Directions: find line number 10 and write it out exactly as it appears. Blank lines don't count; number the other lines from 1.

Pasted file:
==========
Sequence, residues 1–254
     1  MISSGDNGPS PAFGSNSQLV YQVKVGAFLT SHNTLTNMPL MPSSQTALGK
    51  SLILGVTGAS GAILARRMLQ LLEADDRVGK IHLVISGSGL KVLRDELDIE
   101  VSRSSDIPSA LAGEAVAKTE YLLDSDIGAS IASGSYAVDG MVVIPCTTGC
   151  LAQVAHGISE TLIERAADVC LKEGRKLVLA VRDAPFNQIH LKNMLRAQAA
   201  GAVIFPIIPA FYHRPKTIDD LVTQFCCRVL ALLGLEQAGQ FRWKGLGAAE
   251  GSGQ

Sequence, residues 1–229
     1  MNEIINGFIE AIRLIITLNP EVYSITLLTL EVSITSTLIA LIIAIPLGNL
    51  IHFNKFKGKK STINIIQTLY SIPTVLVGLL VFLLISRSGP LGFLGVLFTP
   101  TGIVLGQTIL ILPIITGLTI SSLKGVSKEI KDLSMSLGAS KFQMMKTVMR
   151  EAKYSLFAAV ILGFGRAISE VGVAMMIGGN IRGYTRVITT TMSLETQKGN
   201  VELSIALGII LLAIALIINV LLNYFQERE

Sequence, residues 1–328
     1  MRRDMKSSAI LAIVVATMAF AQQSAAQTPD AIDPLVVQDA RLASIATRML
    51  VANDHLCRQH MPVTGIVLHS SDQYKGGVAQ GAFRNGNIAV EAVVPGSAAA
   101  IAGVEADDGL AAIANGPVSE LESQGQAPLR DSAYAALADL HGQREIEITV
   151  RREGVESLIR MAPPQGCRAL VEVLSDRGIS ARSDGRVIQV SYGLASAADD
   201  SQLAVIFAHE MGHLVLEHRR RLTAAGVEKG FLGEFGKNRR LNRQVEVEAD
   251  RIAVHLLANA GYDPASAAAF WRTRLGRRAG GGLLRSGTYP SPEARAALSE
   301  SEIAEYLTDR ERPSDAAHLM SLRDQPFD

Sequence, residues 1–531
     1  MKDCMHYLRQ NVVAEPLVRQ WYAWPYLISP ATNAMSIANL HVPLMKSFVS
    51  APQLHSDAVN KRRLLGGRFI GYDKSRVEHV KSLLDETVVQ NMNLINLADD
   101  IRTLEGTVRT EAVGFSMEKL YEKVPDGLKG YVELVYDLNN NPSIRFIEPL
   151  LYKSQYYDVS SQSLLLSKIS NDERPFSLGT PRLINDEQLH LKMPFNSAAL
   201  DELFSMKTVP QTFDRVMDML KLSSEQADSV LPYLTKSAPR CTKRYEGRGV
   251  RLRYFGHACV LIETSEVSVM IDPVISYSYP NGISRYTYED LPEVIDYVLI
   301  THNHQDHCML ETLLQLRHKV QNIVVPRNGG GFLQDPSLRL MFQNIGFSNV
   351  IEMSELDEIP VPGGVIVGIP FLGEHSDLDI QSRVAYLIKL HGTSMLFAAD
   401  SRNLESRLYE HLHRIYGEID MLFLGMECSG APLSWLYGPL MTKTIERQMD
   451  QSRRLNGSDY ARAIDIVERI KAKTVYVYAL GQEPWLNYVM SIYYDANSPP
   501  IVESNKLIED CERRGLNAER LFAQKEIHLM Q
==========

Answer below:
    51  IHFNKFKGKK STINIIQTLY SIPTVLVGLL VFLLISRSGP LGFLGVLFTP